5 Best Ways to Set the Font Style to Bold in Python Plotly : Emily Rosemary Collins

5 Best Ways to Set the Font Style to Bold in Python Plotly
by: Emily Rosemary Collins
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💡 Problem Formulation: When visualizing data in Python using Plotly, you may want to emphasize certain text elements by making them bold. This could pertain to titles, annotations, axis labels, or legend text. This article presents various methods to achieve bold font styles in different aspects of a Plotly chart, enhancing the readability and aesthetic appeal of your data presentation.

Method 1: Setting the Title Font to Bold

Plotly provides a straightforward option to set the font style of the chart title to bold using the title_font parameter under the layout object. This parameter is capable of taking a dictionary where one can specify the font properties such as family, size, and whether it should be bold.

Here’s an example:

import plotly.graph_objects as go

fig = go.Figure()
fig.update_layout(title_text="Bold Title",
                  title_font=dict(size=20, family='Arial', color='black', weight='bold'))

The output will be a Plotly chart displaying the title “Bold Title” in 20pt Arial font with bold text.

In this code snippet, we create a simple Plotly chart and update the layout to include a title with the desired bold font characteristics.

Method 2: Bold Axis Labels

To make axis labels bold in Plotly, you can utilize the title_font attribute within the xaxis and yaxis properties. This method enhances the clarity of axis labeling, which can be particularly useful when dealing with complex datasets.

Here’s an example:

import plotly.graph_objects as go

fig = go.Figure(data=go.Bar(y=[2, 3, 1]))
fig.update_layout(xaxis_title="X Axis",
                  yaxis_title="Y Axis",

This code produces a bar chart with both X and Y axis labels set in bold font.

In this example, while creating the bar chart, we specifically direct Plotly to use bold font for the x-axis and y-axis titles using the xaxis_title_font and yaxis_title_font settings.

Method 3: Bold Legend Text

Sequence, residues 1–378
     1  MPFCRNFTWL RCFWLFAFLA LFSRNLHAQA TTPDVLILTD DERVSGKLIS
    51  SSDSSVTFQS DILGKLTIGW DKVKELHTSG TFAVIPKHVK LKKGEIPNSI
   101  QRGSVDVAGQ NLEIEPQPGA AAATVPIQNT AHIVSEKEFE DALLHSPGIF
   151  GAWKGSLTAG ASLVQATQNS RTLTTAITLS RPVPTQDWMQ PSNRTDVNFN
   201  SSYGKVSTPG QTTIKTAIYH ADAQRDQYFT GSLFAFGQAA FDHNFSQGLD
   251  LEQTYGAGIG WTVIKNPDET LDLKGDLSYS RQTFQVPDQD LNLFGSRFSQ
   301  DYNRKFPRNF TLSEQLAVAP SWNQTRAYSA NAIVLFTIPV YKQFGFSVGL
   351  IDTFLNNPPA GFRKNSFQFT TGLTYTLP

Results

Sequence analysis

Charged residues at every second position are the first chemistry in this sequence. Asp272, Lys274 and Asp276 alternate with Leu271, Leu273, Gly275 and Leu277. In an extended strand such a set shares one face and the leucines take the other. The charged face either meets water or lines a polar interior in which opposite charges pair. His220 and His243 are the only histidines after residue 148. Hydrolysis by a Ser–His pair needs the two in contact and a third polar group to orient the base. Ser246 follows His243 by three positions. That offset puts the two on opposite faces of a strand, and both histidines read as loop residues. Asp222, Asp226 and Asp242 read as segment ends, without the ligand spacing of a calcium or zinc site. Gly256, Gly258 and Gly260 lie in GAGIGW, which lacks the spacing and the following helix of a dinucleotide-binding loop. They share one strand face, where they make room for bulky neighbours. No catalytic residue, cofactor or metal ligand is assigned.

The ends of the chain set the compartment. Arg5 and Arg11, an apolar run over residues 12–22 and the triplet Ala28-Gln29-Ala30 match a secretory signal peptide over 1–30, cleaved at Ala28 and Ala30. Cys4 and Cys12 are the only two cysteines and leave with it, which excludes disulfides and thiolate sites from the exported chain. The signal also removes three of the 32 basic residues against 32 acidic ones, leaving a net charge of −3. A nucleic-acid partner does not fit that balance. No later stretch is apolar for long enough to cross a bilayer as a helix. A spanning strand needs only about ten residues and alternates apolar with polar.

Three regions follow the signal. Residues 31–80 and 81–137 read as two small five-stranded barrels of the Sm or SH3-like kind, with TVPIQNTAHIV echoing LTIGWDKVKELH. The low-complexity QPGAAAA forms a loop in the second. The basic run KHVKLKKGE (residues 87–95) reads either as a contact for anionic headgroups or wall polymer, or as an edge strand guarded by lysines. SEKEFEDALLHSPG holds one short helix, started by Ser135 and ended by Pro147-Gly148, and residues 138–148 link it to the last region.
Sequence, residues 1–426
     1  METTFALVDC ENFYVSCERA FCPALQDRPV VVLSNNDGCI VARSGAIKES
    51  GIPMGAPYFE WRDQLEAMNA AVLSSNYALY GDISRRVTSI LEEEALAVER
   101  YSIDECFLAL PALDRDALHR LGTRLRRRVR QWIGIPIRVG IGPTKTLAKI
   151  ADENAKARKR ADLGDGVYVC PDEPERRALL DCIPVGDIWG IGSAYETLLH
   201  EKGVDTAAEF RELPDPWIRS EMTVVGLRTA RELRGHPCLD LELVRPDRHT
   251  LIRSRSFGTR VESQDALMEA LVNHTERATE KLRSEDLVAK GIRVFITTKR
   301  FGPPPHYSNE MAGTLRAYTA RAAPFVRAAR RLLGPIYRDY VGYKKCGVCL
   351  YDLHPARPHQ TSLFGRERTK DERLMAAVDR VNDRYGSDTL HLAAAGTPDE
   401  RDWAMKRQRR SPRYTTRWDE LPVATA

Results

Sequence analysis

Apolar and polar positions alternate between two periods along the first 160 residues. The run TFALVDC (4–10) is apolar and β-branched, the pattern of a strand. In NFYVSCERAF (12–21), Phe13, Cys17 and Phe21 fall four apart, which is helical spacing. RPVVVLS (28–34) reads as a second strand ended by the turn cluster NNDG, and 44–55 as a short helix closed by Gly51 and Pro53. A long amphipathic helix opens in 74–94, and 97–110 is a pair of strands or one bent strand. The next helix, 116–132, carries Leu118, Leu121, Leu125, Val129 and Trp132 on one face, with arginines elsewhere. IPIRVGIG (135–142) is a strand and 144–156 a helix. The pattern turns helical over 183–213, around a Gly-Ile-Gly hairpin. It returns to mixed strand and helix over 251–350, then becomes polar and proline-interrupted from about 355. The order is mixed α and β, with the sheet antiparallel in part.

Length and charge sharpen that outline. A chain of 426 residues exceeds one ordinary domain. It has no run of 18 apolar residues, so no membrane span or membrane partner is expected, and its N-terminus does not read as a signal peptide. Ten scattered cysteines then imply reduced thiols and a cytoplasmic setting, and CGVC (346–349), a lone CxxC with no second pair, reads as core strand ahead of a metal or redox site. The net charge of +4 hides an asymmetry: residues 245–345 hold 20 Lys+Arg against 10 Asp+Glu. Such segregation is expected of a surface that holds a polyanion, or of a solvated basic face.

Emphasizing the legend text in bold can be achieved by modifying the legend_title_font and legend_font parameters in Plotly. This improves the distinction between legend entries for better interpretation of the chart.

Here’s an example:

import plotly.graph_objects as go

fig = go.Figure()
fig.add_trace(go.Scatter(x=[1, 2, 3], y=[4, 5, 6],
                    name='Sample Trace'))
fig.update_layout(legend_title_text='Legend Title',

The resulting visualization will display both the legend entries and the legend title in bold text.

In this snippet, we add a scatter plot trace to our figure, and then specifically set the legend title and entries to bold within the layout parameters.

Method 4: Bold Annotation Text

Bold annotations within a Plotly chart draw attention to specific data points or provide crucial information. By setting the font attribute inside each annotation dictionary, we can manipulate the font weight to be bold.

Here’s an example:

import plotly.graph_objects as go

fig = go.Figure(data=go.Bar(y=[3, 1, 2]))

The output is a bar chart with a bold annotation “Highlight” at the specified coordinates on the chart.

This snippet adds an annotation to the bar chart with the text “Highlight” in bold, emphasizing this particular text over other elements in the chart.

Bonus One-Liner Method 5: Quick Inline Text Styling

For rapid inline stylings such as bolding text within the traces themselves, Plotly lets you use basic HTML tags like <b></b> directly in the text strings.

Here’s an example:

import plotly.graph_objects as go

fig = go.Figure(data=go.Scatter(x=[1, 2, 3], y=[4, 5, 6],
                    text=['One', '<b>Two</b>', 'Three'],
                    textposition="top center"))

The output displays scatter plot points with the text labels “One”, “Two”, and “Three”, where “Two” appears in bold because it is enclosed in the <b> tag.

This method demonstrates how to quickly include HTML-like styling directly in data points, which in our case makes the text “Two” appear bold.


  • Method 1: Title Font. Easy to implement. Only applies to the title.
  • Method 2: Axis Labels. Enhances axis readability. Limited to axis titles.
  • Method 3: Legend Text. Improves legend clarity. Only affects the legend.
  • Method 4: Annotation Text. Draws focus to specific chart aspects. May require positioning adjustments.
  • Method 5: Inline Text Styling. Quick and straightforward for data point labels. Limited HTML tag support.

February 28, 2024 at 06:28PM
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